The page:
Anecdotally, I've found a lot of the DDR2-era hardware to not be particularly long lasting. That would be about the time ROHS rolled out. By the time DDR3 came out, they must have figured it out, as I haven't seen the same problems - though that stuff is newer, of course.

              The previous generation DDR hardware seems to be more reliable, though with that stuff you have to worry about bad capacitors. Though at least that's something I've had luck repairing.

  • (Score: -1, Troll) by Anonymous Coward on Tuesday December 05 2017, @06:59AM

    by Anonymous Coward on Tuesday December 05 2017, @06:59AM (#605523)

    Cool story, nasa.

  • (Score: 1, Funny) by Anonymous Coward on Tuesday December 05 2017, @07:20AM (3 children)

    by Anonymous Coward on Tuesday December 05 2017, @07:20AM (#605531)

    That violates the EULA.

    • (Score: 5, Funny) by maxwell demon on Tuesday December 05 2017, @08:34AM (1 child)

      by maxwell demon (1608) on Tuesday December 05 2017, @08:34AM (#605549) Journal

      Right. Let's send an army of lawyers to Voyager 1!

      --
      The Tao of math: The numbers you can count are not the real numbers.
      • (Score: 4, Touché) by Shimitar on Tuesday December 05 2017, @09:34AM

        by Shimitar (4208) on Tuesday December 05 2017, @09:34AM (#605562) Homepage

        Please, not an army... SEND THEM ALL!!

        --
        Coding is an art. No, java is not coding. Yes, i am biased, i know, sorry if this bothers you.
    • (Score: 2) by ledow on Tuesday December 05 2017, @09:54AM

      by ledow (5567) on Tuesday December 05 2017, @09:54AM (#605564) Homepage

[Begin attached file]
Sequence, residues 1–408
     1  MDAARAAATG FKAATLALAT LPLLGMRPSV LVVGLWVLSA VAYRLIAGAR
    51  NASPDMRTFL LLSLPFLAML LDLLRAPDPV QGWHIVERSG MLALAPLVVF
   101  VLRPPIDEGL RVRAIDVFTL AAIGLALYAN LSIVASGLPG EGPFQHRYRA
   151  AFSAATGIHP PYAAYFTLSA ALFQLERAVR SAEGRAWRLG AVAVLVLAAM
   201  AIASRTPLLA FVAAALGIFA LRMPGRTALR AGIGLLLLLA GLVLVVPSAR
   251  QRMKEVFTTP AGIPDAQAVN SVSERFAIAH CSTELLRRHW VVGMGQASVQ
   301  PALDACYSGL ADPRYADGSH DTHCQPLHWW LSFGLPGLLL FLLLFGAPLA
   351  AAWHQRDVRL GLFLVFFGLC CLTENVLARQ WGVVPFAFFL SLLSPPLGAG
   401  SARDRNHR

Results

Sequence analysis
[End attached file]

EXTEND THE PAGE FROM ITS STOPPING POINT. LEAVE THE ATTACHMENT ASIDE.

Luckily, I don't think they pay by annually-recurring licence.

  • (Score: 3, Informative) by inertnet on Tuesday December 05 2017, @09:18AM (3 children)

    by inertnet (4071) on Tuesday December 05 2017, @09:18AM (#605557) Journal

    They got their answer 19 hours and 35 minutes later

    That's the one way time. They had to wait twice as long after sending their commands.

    • (Score: 5, Interesting) by isostatic on Tuesday December 05 2017, @01:35PM (2 children)

      by isostatic (365) on Tuesday December 05 2017, @01:35PM (#605614) Journal

      They knew the thrusters wouldn't ignite until Tuesday 04:14. At 04:13 they knew the thrusters were off and hadn't been turned on. Then from 04:14 they had no idea if the thrusters had turned on or not, and didn't until 23:49.

      The question I suppose is what does 'now' mean. Did they fire up the thrusters at Tuesday 04:14, when the command reached the ship, or did they fire them up the Monday at 09:39 when they issued the command on their keyboard.

      (Times changed to protect the innocent)

      • (Score: 2) by crafoo on Tuesday December 05 2017, @06:06PM

        by crafoo (6639) on Tuesday December 05 2017, @06:06PM (#605730)

        In terms of relativity, now means whatever it means from your reference frame. There is no "prime" reference frame. Now means different things depending on your reference frame.

        In terms of voyager and the distances involved: just think of it as really bad display lag. like, really pretty bad. about as bad as a Sony, not quite as bad as Samsung.

        In terms of Voyager 1, it fired it's thrusters when the signal was received telling it to do so. We found out about it some time later, at approximately distance/c later in voyager's frame (voyager isn't traveling at a significant fraction of c).

      • (Score: 2) by inertnet on Tuesday December 05 2017, @10:22PM

        by inertnet (4071) on Tuesday December 05 2017, @10:22PM (#605854) Journal

        The context is that the engineers fired up the thrusters and started waiting. The clock started ticking when the command was sent and stopped when the answer was received. To me that's a round trip.

  • (Score: 0) by Anonymous Coward on Tuesday December 05 2017, @03:06PM

    by Anonymous Coward on Tuesday December 05 2017, @03:06PM (#605651)

    Here is a link with more information

    https://space.stackexchange.com/questions/23895/how-do-voyager-1s-trajectory-control-thrusters-differ-from-its-attitude-control/23896#23896 [stackexchange.com]

    It seems that these are all hydrazine thrusters.